Univariate or Multivariate?

#1
Hi
My data is on two equal groups of patients. The two groups have roughly equal proportions of males/females. A blood sample was obtained form each patient, and 10 of the blood components were measured either as a count, % of volume or a concentration.

The objective is to see whether the blood components differ between the two groups of patients, between sexes and the interaction of group and sex.

All components are not normally distributed; one group have more right skew for all the components. Each component has different shape in the two groups of patients.
I don’t want to go for transformation. So, the only choice left is non-parametric analysis.
My questions are:
1- Is it OK to analyze each blood component separately (10 uni-variate analyses)?
2- If so, do I have to adjust for multiple testing?
3- Else, if I have to use non-parametric mufti-variate ANOVA ,e.g. the Two-way NPMANOVA module, available in PAST package, after randomly dropping some subjects (about 10% of the data!) to make sex sub groups equal, what distance measure is appropriate for this kind of data (blood tests)? And how to make individual component comparisons in this case?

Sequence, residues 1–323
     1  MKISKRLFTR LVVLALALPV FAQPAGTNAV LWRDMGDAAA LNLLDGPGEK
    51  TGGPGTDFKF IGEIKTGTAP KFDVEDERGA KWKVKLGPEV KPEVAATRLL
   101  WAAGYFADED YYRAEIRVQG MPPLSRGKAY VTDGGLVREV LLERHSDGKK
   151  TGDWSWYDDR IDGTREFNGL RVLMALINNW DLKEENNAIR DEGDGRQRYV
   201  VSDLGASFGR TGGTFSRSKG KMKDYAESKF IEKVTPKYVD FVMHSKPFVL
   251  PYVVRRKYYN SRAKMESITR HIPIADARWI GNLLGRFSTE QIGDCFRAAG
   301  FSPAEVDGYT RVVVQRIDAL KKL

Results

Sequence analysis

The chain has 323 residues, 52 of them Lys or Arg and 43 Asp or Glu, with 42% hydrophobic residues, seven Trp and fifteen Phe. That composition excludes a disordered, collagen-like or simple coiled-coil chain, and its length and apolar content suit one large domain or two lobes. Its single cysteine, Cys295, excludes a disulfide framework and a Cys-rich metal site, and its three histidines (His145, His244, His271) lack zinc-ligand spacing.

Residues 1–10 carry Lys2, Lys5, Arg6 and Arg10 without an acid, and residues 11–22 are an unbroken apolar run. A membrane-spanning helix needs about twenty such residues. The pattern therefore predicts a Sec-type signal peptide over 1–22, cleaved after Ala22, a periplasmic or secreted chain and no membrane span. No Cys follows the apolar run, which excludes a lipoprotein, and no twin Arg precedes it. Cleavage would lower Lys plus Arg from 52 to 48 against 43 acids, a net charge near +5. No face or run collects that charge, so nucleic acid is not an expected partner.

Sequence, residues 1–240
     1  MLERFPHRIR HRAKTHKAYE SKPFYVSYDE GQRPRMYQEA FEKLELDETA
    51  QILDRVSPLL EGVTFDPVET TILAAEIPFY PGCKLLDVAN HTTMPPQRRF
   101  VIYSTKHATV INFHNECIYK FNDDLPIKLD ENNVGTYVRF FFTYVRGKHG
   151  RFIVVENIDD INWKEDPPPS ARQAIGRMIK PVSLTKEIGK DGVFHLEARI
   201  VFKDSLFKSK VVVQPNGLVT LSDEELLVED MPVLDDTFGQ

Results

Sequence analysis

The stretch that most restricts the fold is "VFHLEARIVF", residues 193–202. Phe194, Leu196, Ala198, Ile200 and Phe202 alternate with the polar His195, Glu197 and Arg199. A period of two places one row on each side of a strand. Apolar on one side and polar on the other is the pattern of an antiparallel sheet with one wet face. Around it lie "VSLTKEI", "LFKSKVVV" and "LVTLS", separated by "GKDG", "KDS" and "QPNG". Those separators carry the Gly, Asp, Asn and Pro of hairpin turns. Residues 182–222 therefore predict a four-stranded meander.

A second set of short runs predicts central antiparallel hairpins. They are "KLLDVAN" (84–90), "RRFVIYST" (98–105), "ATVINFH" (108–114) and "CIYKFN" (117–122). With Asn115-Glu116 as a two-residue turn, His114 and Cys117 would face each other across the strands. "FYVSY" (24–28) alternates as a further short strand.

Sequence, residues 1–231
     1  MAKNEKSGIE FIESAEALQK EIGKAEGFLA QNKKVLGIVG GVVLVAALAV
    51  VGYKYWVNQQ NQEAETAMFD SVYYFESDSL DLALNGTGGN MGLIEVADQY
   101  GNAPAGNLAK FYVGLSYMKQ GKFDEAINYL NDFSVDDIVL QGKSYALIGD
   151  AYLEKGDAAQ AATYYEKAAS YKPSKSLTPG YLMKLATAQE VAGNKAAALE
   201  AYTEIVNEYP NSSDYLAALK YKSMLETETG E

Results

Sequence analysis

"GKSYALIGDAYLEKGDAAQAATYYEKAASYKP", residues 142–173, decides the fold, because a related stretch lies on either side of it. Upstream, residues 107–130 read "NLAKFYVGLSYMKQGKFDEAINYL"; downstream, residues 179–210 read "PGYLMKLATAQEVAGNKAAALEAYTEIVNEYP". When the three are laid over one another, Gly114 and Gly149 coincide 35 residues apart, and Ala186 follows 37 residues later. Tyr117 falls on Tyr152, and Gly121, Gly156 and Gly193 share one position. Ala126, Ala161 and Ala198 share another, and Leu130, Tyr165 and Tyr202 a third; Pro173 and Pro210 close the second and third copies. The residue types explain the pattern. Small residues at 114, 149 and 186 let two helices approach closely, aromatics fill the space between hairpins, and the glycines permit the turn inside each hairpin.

I would very much appreciate your suggestions
Thanks
 
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ledzep

Point Mass at Zero
#2
You seem to have quite a few variables in your dataset. So each of the 10 components are an endpoints of interest? Then I would assess the effect of all the available predictors on your response variables separately, this means 10 different models.
 
#3
The distributions might be quite skewed. Then a generalized linear model (glm) with a gamma distributed error structure might be useful

It is okey to analyse them separately.

Edit: I first entered something in the the wrong thread. But almost the same comment can be relevant here too.
 
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